Kinked demand curve model edit

In an oligopoly, firms operate under imperfect competition. The fierce price competitiveness, created by a sticky-upward demand curve, causes firms to use non-price competition in order to accrue greater revenue and market share.

"Kinked" demand curves appear similar to traditional demand curves but are distinguished by a hypothesised[clarification needed] convex bend with a discontinuity at the bend–"kink". Thus, the first derivative at that point is undefined and leads to a jump discontinuity in the marginal revenue curve. Because of this jump discontinuity in the marginal revenue curve, marginal cost could change without necessarily changing the price or quantity. The motivation behind the kink is that in an oligopolistic or monopolistic competitive market, firms will not raise their prices because even a small price increase will lose many customers. However, even a large price decrease will gain only a few customers because such an action will begin a price war with other firms. The curve is, therefore, more price-elastic for price increases and less so for price decreases. This model predicts that more firms will enter the industry in the long run, since market price for oligopolists is more stable.[54]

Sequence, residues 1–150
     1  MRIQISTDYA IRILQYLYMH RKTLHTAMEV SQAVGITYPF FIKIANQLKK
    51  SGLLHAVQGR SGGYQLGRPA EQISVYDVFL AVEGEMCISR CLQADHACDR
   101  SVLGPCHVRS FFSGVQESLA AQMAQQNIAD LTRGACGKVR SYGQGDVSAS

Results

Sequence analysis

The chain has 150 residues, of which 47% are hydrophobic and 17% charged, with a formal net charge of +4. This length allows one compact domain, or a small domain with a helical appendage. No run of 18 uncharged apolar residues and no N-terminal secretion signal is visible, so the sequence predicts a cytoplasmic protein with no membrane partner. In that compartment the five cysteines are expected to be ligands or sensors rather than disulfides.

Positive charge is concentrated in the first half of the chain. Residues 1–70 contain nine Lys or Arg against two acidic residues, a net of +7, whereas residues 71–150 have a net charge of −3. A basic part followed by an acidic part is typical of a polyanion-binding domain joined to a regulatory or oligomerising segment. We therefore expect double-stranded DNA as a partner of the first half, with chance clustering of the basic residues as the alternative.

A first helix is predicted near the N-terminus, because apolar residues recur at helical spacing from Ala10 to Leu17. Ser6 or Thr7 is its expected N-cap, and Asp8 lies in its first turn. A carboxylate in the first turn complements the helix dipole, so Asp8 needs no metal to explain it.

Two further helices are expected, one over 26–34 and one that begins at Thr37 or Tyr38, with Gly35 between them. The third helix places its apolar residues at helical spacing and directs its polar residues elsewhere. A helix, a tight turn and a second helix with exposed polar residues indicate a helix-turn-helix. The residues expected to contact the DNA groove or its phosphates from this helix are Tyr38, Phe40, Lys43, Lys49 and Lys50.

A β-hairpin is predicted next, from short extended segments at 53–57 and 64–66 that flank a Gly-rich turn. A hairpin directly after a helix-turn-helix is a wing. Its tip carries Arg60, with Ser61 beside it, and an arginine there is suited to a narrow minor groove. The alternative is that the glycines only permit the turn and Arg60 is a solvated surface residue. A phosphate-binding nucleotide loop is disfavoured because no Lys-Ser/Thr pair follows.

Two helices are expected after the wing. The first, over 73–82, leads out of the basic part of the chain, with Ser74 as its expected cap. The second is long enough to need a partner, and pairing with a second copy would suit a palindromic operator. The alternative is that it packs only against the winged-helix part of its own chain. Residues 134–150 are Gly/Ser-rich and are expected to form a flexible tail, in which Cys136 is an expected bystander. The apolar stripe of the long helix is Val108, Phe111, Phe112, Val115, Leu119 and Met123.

The kinked demand curve for a joint profit-maximizing oligopoly industry can model the behaviors of oligopolists' pricing decisions other than that of the price leader.

Above the kink, demand is relatively elastic because all other firms' prices remain unchanged. Below the kink, demand is relatively inelastic because all other firms will introduce a similar price cut, eventually leading to a price war. Therefore, the best option for the oligopolist is to produce at point   which is the equilibrium point and the kink point. This is a theoretical model proposed in 1947, which has failed to receive conclusive evidence for support.[54]

Assumptions edit

According to the kinked-demand model, each firm faces a demand curve kinked at the existing price.[55] The assumptions of the model are:

  • If a firm raises its price above the current existing price, competitors will not follow and the acting firm will lose market share.